Agnostic biosignatures: the unlikely group of molecules that could be the key to finding life on other planets
Since the first confirmed discovery of a planet outside our solar system in 1992, our view of the universe has rapidly expanded. As of March 2020, we are aware of over 4000 exoplanets. Both within and beyond our solar system there is a wealth of unexplored history, some of which is potentially biological. But where do we start when looking for life? Many space scientists propose that evidence for living organisms can be found in atmospheres. The evidence they’re searching for are biosignatures – molecules that could be indicators of current or past life.
At the present time, scientists are trying to detect chemicals such as oxygen, carbon dioxide and methane. These molecules are commonly produced during life-based processes such as respiration and photosynthesis. It is thought that if we can detect them, they could be an indication of current, or past, life forms. For example, Curiosity—the rover exploring Mars—has been able to gauge the changing methane concentration in the atmosphere, at one point measuring an unexplained tenfold spike.
There is one big problem with these biosignatures: false positives. Whilst the methane detected on Mars may have been produced by microbes, it could also have been produced by a reaction between the organic molecules, formed by falling comet dust on the surface, and UV rays. Determining the source is difficult. Traditional biosignatures, such as oxygen, can be formed in many different ways and so detecting them does not instantly equate to the existence of life. For instance, CO2 rich atmospheres can produce detectable concentrations of oxygen through photolysis. This is a process where carbon dioxide is broken down by light, but is not an indication of living organisms.
Dr Clara Sousa-Silva, an astrochemist at MIT, suggests the key could be in agnostic biosignatures – molecules that are not obviously connected to life processes on earth. Sousa-Silva’s approach is to ask, ‘What if life is not what we know?’. She asks us not to assume that life on other planets is similar to our own. Her particular interest is in the molecule phosphine (PH3). Initially, this seems like an unlikely choice for a biosignature as it is highly flammable, toxic, and difficult to make. Indeed, it seems to be produced by processes that are particularly ‘anti-life’. Phosphine gas is a byproduct of methamphetamine production and is used in chemical warfare.
However, Sousa-Silva points out that phosphine is found all over the world in anaerobic environments such as rice fields. Therefore, it could be a useful signifier of life on exoplanets with anoxic (oxygen absent) atmospheres. What makes phosphine attractive is that it has no known abiotic false positives – we don’t know of any non-biological processes that produce it. Another benefit is that phosphine has particular characteristic spectral features that make it easier to identify in an exoplanet’s atmosphere.
It is unlikely we will find life with the detection of a single molecule, however. Sousa-Silva suggests that finding life is a game of probability and we must therefore consider as many molecular components as possible in a given atmosphere. The head of her research group, Sara Seager, and colleagues have identified a staggering 16,367 molecules that could be potential biosignatures. But how do we use this data to look for life on other planets?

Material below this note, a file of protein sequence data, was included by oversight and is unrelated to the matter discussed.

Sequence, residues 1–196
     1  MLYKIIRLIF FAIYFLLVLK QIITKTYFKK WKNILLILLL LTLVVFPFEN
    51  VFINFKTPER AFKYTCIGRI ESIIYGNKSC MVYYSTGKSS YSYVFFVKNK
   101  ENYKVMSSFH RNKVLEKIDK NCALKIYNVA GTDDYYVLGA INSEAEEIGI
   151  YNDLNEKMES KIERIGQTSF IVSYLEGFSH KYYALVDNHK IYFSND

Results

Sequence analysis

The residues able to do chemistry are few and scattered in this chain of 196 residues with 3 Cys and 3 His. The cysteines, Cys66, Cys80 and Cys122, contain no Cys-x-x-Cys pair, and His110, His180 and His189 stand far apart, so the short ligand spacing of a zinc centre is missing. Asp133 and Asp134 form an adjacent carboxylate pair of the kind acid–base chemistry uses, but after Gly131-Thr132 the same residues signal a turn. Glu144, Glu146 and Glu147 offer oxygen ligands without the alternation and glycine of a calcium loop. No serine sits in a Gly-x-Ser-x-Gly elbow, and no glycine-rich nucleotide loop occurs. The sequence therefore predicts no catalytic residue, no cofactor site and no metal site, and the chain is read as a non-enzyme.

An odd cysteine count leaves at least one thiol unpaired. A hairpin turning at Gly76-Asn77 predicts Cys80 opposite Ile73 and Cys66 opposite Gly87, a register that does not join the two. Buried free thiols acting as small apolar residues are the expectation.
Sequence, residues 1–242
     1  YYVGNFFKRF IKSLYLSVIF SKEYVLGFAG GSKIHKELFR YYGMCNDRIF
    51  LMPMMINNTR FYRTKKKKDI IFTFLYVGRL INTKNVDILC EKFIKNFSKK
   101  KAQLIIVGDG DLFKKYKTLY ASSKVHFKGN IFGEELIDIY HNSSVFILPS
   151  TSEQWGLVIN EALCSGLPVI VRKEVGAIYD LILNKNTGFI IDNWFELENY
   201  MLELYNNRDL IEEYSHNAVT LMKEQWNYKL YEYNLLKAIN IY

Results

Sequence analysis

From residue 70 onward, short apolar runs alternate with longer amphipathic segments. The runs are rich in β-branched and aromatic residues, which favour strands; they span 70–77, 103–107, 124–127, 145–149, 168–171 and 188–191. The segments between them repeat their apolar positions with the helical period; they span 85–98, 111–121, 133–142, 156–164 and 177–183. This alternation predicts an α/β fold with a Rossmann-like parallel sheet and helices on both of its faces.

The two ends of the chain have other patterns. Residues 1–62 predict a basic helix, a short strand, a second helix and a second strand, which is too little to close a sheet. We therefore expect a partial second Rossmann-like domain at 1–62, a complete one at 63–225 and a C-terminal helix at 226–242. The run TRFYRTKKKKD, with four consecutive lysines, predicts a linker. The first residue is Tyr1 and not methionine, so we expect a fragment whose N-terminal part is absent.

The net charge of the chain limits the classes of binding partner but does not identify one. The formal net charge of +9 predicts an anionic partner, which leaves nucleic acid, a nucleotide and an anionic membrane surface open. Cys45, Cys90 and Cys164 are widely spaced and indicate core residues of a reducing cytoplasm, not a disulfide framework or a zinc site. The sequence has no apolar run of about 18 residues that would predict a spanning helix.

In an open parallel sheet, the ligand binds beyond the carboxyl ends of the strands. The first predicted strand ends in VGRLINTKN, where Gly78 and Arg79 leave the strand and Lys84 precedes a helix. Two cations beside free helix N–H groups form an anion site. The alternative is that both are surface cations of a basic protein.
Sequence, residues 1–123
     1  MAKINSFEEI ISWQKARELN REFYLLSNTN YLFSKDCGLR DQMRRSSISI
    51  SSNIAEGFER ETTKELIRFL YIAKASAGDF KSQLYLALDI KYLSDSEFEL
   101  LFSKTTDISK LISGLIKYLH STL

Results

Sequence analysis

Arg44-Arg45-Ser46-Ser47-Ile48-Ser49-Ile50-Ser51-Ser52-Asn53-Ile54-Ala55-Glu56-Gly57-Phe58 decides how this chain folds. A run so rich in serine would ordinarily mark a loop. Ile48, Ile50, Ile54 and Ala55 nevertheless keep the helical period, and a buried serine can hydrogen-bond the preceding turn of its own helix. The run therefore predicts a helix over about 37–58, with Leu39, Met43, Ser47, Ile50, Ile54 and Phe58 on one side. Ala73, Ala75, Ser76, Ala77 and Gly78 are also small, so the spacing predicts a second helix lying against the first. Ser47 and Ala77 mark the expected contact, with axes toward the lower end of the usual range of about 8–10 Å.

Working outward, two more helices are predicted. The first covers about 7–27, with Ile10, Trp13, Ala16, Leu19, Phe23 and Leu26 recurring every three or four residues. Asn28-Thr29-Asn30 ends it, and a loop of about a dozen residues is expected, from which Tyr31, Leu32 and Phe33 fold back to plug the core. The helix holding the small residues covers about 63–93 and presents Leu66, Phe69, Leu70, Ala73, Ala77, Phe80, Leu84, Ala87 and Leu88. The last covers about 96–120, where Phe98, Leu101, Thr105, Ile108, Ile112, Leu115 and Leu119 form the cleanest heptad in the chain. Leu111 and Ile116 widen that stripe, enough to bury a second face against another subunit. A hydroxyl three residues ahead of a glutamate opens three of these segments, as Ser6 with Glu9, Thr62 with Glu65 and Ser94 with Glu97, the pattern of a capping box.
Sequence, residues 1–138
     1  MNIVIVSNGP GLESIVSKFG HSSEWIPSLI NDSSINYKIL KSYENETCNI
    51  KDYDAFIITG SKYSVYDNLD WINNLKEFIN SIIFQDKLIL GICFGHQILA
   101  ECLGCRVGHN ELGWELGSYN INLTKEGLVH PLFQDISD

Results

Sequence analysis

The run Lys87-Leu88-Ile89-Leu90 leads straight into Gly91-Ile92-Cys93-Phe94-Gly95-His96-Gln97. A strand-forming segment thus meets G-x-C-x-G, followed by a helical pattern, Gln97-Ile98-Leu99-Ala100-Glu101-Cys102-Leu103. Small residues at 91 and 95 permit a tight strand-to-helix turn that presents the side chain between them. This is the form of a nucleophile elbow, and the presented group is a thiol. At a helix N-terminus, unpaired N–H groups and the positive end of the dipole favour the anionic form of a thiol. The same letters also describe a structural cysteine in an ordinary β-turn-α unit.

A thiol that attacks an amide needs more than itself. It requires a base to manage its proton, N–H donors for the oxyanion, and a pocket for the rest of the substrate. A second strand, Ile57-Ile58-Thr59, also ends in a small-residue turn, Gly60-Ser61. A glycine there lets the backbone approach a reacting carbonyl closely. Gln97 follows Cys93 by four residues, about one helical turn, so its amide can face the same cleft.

Firstly, these molecules need to be detected and then analysed through a form of spectroscopy such as infrared. With a molecule like phosphine this can be difficult, because it is often found in small quantities. Appropriate detection is therefore a matter of both improving instrumentation and looking for similar molecules in higher concentrations. For example, isoprene (C5H8) has been proposed as an alternative. On earth, isoprene is produced in large quantities by many organisms – including bacteria that have the potential to thrive in anaerobic conditions – but is rapidly destroyed by our atmosphere. Therefore, it could be a good biosignature in oxygen-free environments.
Sousa-Silva suggests that the main limiting factor to this research is the amount of spectral data we have. To identify these chemicals, we need reference spectra to compare them to. At the moment, out of the 16,367 potential biosignatures, we have spectral data (of any quality) for less than 4% of them. The main reason for this is the lack of manpower. The process of producing reference spectra is time consuming. The molecule first must be synthesised, which can be very difficult if there is currently no known synthetic route. Then, measuring accurate molecular spectra experimentally is expensive, dangerous if toxic and sometimes completely impossible – for example, when the lifetime of a molecule is very short (some compounds exist for only nanoseconds).
Her solution to this is ATMoS, or Approximate Theoretical Molecular Spectra, a programme that approximates spectral data for thousands of molecules. It does so through the use of existing experimental databases and a computational model that uses the similarities and differences between molecules to predict new spectra. Whilst the predictions are not yet as accurate as creating spectra experimentally, this approach can produce the main defining spectral features of a molecule. Consequently, it has great potential to help streamline the process of identifying biosignatures in a complex atmosphere.
There is still research to be done to determine whether the detection of these molecules will ultimately prove useful. However, agnostic biosignatures show real promise and help us to rethink how we approach the search for life on other planets. To see whether they are instrumental for finding life forms, we will have to await a future space mission.